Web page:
How to figure out your debt-to-income ratio
To determine your debt-to-income ratio (also called your “back-end ratio”), start by adding up all your monthly debt payments.
Monthly debts for DTI include:
- Future mortgage payments on the home you want (an estimate is fine)*
- Auto loan payments
- Student loan payments
- Personal loan payments
- Debt consolidation loan payments
- Any other installment loans you pay monthly
- Credit card payments and other revolving credit lines (use your minimum monthly payment)
- Child support
*When estimating your monthly mortgage payment to calculate DTI, make sure it includes property taxes and homeowners insurance. You can use a mortgage calculator with taxes, insurance, and PMI to see your “real” payment
Your DTI calculation should NOT include:
- Rent payments
- Cell phone bill
- Internet bills
- Health insurance
- Other non-debt expenses that don’t appear on your credit report
Next, divide the sum of your debts by your unadjusted gross monthly income. This is the amount you earn every month before taxes and other deductions are taken out — otherwise known as your pre-tax income.
Then, multiply that figure by 100.
(Sum of Monthly Debts / Pre-Tax Monthly Income) * 100 = Your DTI
For example, say your monthly debt expenses equal $3,000. Assume your gross monthly income is $7,000.
$3,000 ÷ $7,000 = 0.428 x 100 = 42.8
In this case, your debt-to-income ratio is 42.8% — just within the 43% limit most lenders will allow.
How to lower your debt-to-income ratio
Are you worried that your debt-to-income ratio will make you ineligible for a mortgage loan? You can follow these tips to lower your DTI and improve your chances of mortgage approval:
1. Lower your monthly debt obligations
“Temporarily prioritize debt payments over savings and investment account contributions, other than any employer-sponsored plan contributions you must make to qualify for your employer match. Throw as much money as you can at smaller debt balances that you can zero out quickly,” Martucci advises. “Eliminating these payments and accounts will reduce your DTI ratio.”
2. Avoid overusing your credit cards and racking up balances
Pay your monthly credit card debt in full instead of making only the minimum payment. Keep your “credit utilization ratio” low by minimizing your balance compared to your overall credit card limits. This can lower your DTI and improve your credit score, a double whammy on your loan application.
3. Don’t take out any new loans before buying a house
Taking on new debt, like a car loan, increases your DTI. This can seriously reduce your home-buying budget. So if possible, you want to avoid taking on any new monthly payments in the months or year(s) leading up to your home purchase.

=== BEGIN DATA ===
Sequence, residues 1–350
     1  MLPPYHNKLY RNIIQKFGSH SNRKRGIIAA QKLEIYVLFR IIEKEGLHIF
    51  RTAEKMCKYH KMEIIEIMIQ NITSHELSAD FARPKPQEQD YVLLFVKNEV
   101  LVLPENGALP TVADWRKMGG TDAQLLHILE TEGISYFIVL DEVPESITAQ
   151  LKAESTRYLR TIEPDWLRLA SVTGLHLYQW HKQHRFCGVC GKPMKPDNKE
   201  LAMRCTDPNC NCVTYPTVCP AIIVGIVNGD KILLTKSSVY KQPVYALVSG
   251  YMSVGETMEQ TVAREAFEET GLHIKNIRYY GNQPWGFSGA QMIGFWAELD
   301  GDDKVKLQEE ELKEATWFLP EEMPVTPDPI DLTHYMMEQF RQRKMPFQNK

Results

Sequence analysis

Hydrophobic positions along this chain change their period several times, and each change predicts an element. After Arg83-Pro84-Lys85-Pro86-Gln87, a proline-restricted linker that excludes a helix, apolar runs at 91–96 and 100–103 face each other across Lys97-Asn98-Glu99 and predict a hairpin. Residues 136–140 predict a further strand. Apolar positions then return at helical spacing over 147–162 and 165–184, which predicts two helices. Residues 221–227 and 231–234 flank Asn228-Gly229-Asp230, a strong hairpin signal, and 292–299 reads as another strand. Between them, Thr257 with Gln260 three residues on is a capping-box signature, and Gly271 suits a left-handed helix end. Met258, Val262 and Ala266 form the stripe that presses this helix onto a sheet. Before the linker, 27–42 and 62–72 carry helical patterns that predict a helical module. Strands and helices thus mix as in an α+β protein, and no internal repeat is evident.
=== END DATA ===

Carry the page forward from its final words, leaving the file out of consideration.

4. Consult with one or more lenders before applying for a loan
“Get their advice on your housing payment amount and what debt ratio caps will apply for the loan product you choose,” suggests Cook. “Ask for your best plan of action to manage your debt.”
5. Do your homework
“Have a solid understanding of how your DTI ratio affects your ability to get a mortgage. And understand your financial goals as well as specific debts that can be paid off to achieve those goals,” Maxwell recommends.
Even if your DTI is within the “good” range for mortgage qualifying, it doesn’t hurt to try to lower it before you apply. The lower your existing debts, the more you’ll be able to spend on your mortgage. Working to improve your debt-to-income ratio before you apply for a home loan can make you eligible for a bigger, more expensive home.
Debt-to-income ratio FAQ
Debt-to-income ratio (DTI) is a comparison between your monthly debt payments and your gross monthly income. Your DTI helps a mortgage lender determine how much cash you have left over each month and how large of a mortgage payment you can afford.
A good debt-to-income ratio is often between 36% and 43%, but lower is usually better when it comes to applying for a mortgage. Additionally, many mortgage lenders like to see front-end DTI ratios of 28% or less.
Homeowners generally need the same DTI ratio for a refinance or home equity loan as they would for a home purchase loan — between 36% to 43% for a conventional loan and no more than 50% for an FHA loan.
DTI ratio has no effect on your credit score, but it is one of the factors lenders use to approve a mortgage application or an additional credit line. Credit scoring models such as FICO and VantageScore use your credit history to determine creditworthiness, but not your monthly debt repayments.
Rent is not included in the debt-to-income ratio because it is not considered a debt. Only monthly debt payments are figured into your DTI, including student loans, car loans, and credit card payments, to name a few. Your future mortgage payment will be included in your DTI because a home loan is a type of debt.
Check your mortgage eligibility
Estimating your DTI can help you figure out whether you’ll qualify for a mortgage and how much home you might be able to afford. But any number you come up with on your own is just an estimate; a mortgage lender gets the final say on your DTI and home-buying budget.
When you’re ready to get serious about shopping for a new home, you’ll need a mortgage pre-approval to verify your eligibility and budget. You can get started right here.